Southern California Edison said Friday that it has proposed to the California Air Resources Board the first major set of "early action" greenhouse gas reduction projects.
The proposal is the first developed since the state enacted Assembly Bill 32 climate change legislation that aims to cut greenhouse gas emissions by 25 percent by 2020.
If approved, Rosemead-base Edison's plan would provide incentives to its customers to reduce the equivalent of 3.7 million metric tons of carbon dioxide, comparable to removing approximately 800,000 cars from California roads per year, the company said in a statement.
The utility estimates the early action programs would cost about $23 million and said it will file a request to the California Public Utilities Commission to include those costs in customer rates if the Air Board confirms the plan.
The plan includes eight projects that would apply advanced clean technologies to a variety of emissions sources such as reducing emissions from idling trucks at large truck stops. The truck drivers could plug into electrical outlets and shut off their engines. Another plan calls for converting livestock waste into fuel.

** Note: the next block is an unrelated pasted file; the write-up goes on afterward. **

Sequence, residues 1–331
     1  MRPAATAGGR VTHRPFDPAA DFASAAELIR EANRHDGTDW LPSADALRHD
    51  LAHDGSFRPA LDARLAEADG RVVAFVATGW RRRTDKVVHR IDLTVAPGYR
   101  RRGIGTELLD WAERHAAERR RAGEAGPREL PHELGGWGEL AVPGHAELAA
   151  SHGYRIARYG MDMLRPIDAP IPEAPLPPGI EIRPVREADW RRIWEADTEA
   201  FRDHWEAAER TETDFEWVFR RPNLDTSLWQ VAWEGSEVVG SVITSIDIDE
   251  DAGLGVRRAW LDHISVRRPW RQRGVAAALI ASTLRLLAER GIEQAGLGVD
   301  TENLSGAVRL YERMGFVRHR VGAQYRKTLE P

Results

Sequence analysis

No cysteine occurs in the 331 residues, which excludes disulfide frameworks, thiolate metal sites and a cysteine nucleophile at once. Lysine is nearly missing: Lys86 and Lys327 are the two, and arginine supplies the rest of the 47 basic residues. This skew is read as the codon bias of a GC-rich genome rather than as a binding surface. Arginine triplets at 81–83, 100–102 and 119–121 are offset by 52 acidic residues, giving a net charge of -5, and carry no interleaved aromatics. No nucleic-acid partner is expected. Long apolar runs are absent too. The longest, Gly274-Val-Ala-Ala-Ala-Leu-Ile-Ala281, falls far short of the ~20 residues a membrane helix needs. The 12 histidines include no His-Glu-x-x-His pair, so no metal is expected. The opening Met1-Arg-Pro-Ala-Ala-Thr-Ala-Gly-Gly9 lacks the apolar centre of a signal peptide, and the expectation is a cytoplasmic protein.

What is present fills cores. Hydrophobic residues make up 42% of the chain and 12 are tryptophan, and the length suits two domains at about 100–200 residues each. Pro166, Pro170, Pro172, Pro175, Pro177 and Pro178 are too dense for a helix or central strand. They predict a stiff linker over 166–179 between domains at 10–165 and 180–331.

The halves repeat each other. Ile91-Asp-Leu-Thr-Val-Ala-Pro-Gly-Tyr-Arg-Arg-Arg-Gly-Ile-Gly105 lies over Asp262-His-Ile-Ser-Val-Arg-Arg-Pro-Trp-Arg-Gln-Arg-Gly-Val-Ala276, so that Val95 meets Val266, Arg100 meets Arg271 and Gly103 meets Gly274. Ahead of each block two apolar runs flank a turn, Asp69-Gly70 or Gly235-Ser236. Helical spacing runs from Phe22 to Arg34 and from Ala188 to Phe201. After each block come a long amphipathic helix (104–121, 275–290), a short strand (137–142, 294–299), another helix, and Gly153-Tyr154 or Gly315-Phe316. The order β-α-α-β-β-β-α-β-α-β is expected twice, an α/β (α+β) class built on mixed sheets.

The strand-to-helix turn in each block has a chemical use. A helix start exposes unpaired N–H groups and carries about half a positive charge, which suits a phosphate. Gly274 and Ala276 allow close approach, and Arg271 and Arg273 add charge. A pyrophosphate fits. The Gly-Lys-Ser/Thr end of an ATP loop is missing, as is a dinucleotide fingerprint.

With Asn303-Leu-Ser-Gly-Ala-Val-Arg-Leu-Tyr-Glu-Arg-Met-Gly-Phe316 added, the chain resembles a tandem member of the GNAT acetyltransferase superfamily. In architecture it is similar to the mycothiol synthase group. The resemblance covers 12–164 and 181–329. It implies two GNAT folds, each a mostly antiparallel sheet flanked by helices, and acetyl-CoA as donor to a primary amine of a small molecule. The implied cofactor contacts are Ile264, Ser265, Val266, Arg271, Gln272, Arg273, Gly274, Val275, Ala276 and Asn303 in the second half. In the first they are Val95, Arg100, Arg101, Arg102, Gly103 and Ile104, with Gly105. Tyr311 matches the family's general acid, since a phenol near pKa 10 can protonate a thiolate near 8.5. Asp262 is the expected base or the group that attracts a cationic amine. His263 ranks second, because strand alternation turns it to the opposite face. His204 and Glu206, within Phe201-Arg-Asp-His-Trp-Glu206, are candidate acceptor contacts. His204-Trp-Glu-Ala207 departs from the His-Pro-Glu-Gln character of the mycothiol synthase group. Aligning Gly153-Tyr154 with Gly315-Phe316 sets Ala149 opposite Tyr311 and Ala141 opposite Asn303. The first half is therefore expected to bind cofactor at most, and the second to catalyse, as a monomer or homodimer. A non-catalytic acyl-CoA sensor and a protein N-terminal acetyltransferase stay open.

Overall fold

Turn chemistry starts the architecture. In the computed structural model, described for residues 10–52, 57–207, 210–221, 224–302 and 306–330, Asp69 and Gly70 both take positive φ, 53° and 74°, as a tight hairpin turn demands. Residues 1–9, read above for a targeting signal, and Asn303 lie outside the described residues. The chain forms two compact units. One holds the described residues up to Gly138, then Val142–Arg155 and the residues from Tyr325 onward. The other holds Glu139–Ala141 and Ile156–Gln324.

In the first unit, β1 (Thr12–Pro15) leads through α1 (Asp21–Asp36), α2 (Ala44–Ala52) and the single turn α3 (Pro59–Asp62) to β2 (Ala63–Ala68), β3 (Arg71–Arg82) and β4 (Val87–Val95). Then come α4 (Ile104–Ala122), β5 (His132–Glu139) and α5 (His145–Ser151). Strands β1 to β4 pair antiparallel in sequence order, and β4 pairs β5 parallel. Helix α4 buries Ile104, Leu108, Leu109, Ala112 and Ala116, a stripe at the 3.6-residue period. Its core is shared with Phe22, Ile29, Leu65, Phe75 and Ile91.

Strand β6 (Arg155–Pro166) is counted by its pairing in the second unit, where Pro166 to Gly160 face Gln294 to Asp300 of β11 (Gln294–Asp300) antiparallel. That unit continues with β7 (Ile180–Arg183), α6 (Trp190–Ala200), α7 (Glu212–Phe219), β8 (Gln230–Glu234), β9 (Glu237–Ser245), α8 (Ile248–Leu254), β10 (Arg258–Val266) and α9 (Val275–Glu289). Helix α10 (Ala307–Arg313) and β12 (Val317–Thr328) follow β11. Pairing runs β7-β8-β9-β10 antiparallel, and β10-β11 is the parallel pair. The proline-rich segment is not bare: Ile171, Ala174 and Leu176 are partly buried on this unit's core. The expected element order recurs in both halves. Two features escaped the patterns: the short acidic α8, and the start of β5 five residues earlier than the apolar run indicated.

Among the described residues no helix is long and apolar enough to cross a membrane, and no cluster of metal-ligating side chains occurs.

Edison said the proposal is designed to take advantage of provisions in the bill for those who voluntarily undertake early action measures that could begin the greenhouse gas reduction process. The state's final rules are due Jan. 1, 2012.
This announcement comes a day after Edison received approval from state regulators to proceed with one of the largest wind power contracts in the nation.
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